US-based tech giant Cisco today launched its fifth global cyber range lab here with an aim to train Indian firms and government agencies on real-world cyber attacks.
“The Cisco cyber range lab aims to provide technical training workshops to help cybersecurity professionals build the skills…to combat new-age threats,” Cisco India President India and SAARC Dinesh Malkani said at the Cisco India Summit 2017 here.
The facility was inaugurated by National Cyber Security Coordinator Gulshan Rai. Cisco has four other such labs in Australia.
Rai said an effective implementation of cybersecurity requires IT infrastructure and technical expertise for which the industry should play a responsible role.
He added that Cisco should offer different modules for tech professionals and agencies like police.
Cisco will also launch a Security Operations Centre (SOC) in Pune — its fourth after the US, Poland and Japan — in the next few months to provide a broad range of services, including monitoring of threats and its end-to-end management for enterprise needs. It will be linked to other Cisco SOCs across the world.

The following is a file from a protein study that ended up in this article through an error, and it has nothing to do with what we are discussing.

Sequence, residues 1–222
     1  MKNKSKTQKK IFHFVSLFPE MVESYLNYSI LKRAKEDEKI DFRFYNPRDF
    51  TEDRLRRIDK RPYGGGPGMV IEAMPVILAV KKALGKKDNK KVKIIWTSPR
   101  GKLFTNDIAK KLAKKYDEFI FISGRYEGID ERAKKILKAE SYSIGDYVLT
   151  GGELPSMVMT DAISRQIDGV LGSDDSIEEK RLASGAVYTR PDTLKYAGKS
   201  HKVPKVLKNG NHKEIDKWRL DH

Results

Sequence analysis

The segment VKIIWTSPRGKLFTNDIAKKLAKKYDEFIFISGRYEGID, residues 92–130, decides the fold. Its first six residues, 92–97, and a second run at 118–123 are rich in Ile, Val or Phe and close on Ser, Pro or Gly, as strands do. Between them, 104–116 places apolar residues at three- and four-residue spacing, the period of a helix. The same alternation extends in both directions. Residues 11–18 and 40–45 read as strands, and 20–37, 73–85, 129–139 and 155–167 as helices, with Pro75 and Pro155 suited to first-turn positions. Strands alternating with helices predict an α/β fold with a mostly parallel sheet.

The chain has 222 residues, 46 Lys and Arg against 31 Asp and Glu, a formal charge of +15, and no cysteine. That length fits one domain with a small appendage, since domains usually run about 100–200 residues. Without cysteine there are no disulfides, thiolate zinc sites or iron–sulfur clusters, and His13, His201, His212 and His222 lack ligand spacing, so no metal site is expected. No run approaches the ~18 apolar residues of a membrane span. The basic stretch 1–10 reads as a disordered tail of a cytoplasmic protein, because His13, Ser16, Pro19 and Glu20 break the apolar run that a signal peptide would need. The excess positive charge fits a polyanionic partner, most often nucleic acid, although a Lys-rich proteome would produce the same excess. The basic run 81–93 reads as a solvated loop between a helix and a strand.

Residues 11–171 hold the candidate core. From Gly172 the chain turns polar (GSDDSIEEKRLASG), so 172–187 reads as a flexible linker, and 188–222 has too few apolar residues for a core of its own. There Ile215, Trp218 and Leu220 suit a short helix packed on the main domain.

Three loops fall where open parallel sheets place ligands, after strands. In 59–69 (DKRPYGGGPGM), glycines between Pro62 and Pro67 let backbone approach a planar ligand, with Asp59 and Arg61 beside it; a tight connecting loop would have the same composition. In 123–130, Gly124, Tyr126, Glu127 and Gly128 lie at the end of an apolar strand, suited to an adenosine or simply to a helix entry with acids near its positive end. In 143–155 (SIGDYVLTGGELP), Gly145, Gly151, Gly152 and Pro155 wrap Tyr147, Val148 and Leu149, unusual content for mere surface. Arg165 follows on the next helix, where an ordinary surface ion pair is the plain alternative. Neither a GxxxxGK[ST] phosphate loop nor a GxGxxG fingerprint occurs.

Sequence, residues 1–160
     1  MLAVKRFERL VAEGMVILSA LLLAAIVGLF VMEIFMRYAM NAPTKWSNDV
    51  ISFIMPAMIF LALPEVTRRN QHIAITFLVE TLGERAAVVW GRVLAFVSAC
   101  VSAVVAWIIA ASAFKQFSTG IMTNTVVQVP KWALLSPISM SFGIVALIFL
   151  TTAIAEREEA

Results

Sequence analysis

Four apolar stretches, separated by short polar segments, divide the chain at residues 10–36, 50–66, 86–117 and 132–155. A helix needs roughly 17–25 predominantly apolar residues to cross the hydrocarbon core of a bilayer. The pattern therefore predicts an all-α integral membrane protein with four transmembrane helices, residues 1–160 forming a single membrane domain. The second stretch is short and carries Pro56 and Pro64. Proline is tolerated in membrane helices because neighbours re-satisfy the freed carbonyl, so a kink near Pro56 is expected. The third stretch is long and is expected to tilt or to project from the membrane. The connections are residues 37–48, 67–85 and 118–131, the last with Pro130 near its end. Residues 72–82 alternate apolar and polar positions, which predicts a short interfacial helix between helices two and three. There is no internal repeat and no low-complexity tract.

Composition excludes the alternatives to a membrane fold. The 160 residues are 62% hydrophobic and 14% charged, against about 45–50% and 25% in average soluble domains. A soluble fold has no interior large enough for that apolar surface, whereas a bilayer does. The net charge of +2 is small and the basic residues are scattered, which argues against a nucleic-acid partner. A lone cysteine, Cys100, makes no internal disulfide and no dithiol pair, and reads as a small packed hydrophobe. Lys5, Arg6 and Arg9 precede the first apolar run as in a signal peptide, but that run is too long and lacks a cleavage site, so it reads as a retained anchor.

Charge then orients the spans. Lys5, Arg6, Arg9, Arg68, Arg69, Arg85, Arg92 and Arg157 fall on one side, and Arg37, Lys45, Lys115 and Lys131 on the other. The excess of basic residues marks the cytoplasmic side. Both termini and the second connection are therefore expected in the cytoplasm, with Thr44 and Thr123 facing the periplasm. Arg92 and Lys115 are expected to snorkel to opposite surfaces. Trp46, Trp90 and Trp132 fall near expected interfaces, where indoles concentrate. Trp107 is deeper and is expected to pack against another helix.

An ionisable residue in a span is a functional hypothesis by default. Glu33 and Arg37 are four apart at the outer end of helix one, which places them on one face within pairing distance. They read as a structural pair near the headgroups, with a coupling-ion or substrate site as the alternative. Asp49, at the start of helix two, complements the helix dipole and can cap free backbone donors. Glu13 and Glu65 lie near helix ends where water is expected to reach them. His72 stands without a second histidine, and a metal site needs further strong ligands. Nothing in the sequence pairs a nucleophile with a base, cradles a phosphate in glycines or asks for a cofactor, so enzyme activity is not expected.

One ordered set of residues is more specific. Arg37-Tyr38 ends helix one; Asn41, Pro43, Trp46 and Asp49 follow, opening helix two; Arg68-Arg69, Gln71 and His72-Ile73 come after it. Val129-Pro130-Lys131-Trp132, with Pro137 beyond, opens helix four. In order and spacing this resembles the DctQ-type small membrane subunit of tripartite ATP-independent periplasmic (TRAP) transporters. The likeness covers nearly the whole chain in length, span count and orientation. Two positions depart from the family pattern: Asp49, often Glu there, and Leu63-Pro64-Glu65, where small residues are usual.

These centres are part of Cisco’s USD 100 million investment commitment to India.
According to estimates, the demand for cybersecurity experts has grown three times faster than any other IT jobs. Therefore, training and skilling of cybersecurity workforce has become one of the top priorities for many organisations.
As per a Cisco report, there are more than one million unfulfilled security jobs worldwide currently.
31 per cent of organisations in India (compared to 24 per cent globally) believe that a high requirement of various certifications is a barrier, while 29 per cent organsiations in India consider their workload too heavy to take new responsibilities on cybersecurity (23 per cent globally), according to another Cisco study.
“As cybersecurity threats have become more complex, targeted and persistent, modern cyber defences require proactive security operations, run by highly trained staff with the experience and expertise to detect and disrupt sophisticated threats,” Malkani said.
The lab will immerse participants in a simulated real-world cyber-attacks to train them on how to properly prepare for, respond to, and manage a broad variety of threats, he added.
The lab will use 200-500 different types of malware, ransomware and 100 attack cases to deliver realistic cyber-attack experiences.
The training will also educate organisations about the necessary steps required to be taken to respond quickly in the wake of an incident from addressing a basic threat to monitoring and analysing malware infections and providing actionable information and intelligence to customers.